• There’s a working Proof of Concept for the “ChainOfFools” CVE-2020-0601 Crypto API bug — but it isn’t as bad as you think

    Long story short, Yolan Ronmailler has posted a working Proof of Concept for NSA’s CVE-2020-0601 Crypt32 bug. The code is available on Github.

    There’s no question the code works — but it has a prerequisite. In order to get bitten by the security hole, you have to first visit a specific site. That site will load a security certificate that’s instrumental in making the PoC code work.

    That severely limits the threat, eh?

    Here’s how Ronmailler puts it:

    In the end, please keep in mind that such a vulnerability is not at risk of being exploited by script kiddies or ransomware. While it is still a big problem because it could have allowed a Man-in-the-Middle attack against any website, you would need to face an adversary that owns the network on which you operate, which is possible for nation-state adversaries, but less so for a script kiddie. This is why we are releasing this PoC, the exploitability of this vulnerability is not good enough to lead to a sudden ransomware threat (unlike the one we had with Wannacry). This is also probably why the NSA decided not to weaponize their finding, but to rather disclose it: for them it is best to have the USA patched rather than to keep it and take the risk of it being used against the USA, as the attack surface is so vast.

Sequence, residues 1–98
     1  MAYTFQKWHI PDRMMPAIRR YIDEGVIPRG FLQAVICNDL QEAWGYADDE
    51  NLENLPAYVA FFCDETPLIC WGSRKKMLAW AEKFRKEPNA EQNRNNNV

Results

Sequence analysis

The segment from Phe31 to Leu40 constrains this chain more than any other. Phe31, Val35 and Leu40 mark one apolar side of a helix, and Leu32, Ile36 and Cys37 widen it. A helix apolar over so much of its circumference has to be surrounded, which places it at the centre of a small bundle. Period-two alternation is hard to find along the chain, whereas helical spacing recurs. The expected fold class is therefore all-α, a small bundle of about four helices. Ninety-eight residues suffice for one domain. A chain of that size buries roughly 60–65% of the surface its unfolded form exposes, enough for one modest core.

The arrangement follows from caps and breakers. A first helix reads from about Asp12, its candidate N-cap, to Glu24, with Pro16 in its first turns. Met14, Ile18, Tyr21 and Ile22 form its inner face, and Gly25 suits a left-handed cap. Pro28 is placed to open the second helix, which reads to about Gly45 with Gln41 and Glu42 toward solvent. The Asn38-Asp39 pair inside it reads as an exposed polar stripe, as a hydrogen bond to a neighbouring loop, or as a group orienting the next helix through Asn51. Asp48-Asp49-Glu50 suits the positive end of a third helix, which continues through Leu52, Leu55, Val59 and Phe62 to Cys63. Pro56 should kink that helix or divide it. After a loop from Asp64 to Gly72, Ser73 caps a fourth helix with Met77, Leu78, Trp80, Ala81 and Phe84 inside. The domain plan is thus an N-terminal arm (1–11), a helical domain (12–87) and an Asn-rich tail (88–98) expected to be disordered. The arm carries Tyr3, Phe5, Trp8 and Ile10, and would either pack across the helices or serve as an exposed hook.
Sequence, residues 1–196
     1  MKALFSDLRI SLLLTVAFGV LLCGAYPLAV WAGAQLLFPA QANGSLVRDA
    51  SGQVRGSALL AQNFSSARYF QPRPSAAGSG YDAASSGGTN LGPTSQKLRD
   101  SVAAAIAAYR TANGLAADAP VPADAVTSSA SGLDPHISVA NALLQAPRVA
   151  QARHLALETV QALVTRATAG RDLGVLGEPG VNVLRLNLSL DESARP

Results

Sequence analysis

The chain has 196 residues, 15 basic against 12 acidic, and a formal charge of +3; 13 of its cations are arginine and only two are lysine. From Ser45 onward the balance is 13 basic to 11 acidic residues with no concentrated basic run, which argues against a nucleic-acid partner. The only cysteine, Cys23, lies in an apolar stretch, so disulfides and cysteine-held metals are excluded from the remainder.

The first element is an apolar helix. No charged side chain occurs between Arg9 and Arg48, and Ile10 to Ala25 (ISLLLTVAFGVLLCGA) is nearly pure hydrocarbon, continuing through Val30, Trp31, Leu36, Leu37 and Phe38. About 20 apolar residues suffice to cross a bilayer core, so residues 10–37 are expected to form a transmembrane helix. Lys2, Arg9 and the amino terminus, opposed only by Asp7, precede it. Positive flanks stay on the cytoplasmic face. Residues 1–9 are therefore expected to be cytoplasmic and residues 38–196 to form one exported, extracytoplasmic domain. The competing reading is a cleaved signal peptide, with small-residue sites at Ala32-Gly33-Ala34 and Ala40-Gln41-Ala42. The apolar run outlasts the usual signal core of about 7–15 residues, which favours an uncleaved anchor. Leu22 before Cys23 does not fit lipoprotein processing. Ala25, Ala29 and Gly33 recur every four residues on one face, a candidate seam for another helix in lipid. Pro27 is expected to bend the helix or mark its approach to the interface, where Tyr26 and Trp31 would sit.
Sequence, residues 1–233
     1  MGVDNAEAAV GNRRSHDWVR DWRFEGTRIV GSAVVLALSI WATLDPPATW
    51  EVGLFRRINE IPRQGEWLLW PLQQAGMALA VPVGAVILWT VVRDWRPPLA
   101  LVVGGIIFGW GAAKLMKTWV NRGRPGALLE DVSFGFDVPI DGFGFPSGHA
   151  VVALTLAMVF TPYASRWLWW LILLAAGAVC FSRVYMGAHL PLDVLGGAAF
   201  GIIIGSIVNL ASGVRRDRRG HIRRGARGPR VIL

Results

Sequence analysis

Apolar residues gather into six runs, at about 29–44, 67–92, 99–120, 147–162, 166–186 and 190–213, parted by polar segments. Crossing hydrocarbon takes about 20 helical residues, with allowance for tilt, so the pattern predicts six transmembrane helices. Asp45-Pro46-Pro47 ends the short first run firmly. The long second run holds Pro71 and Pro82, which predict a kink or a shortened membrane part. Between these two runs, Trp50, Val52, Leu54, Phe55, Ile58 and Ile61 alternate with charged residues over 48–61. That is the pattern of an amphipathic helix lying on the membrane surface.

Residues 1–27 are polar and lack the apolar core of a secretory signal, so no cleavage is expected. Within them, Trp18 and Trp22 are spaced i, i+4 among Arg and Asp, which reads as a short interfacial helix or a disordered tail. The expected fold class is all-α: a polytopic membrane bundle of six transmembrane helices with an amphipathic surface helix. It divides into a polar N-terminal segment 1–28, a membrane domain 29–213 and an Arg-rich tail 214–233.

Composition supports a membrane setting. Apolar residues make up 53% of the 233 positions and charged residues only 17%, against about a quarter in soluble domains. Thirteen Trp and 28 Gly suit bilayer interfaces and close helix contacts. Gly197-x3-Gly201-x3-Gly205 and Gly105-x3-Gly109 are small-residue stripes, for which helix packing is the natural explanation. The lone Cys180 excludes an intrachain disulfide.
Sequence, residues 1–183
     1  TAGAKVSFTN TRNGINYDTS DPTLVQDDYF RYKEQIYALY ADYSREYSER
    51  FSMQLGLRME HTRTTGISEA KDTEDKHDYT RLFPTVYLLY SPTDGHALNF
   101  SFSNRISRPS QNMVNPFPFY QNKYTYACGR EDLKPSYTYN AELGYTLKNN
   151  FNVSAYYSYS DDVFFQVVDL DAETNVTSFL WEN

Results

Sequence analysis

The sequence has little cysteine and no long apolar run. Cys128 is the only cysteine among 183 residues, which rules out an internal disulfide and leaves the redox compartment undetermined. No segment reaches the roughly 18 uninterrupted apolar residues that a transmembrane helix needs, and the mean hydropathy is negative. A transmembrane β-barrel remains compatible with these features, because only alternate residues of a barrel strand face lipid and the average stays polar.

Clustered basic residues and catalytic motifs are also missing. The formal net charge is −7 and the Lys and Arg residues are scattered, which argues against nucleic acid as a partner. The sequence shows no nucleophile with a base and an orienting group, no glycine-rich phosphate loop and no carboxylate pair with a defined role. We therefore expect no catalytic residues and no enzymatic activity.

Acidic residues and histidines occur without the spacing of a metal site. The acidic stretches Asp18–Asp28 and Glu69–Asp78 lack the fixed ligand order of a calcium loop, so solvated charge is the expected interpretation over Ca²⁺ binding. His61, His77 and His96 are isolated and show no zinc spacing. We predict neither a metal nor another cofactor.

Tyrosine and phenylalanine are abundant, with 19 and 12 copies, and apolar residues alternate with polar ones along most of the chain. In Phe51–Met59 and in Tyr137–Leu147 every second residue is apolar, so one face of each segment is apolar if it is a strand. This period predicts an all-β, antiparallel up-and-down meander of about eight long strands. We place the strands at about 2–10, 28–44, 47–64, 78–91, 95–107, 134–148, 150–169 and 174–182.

Which ties up many loose ends.

    Looks like Kevin Beaumont is right: There’s certainly a security hole here, but it would be very difficult to turn it into a widespread attack. In order for it to work, the victim first has to visit a site that has a clean copy of the certificate that the attacker has subverted, and then visit the site with the subverted certificate. Unless the attacker has full control over your network, the chances of that happening are slim indeed.

    (Saleem Rashid showed yesterday that the clean-before-dirty approach is a requirement for the Chrome browser, but Chrome throws a NET::ERR_CERTIFICATE_TRANSPARENCY_REQUIRED. Firefox isn’t vulnerable.)

    As I said in the Computerworld article, it’s a long way from a third-degree polynomial to working ransomware.

    We’re still at MS-DEFCON 2.

    UPDATE: Kevin Beaumont has a revised recommendation: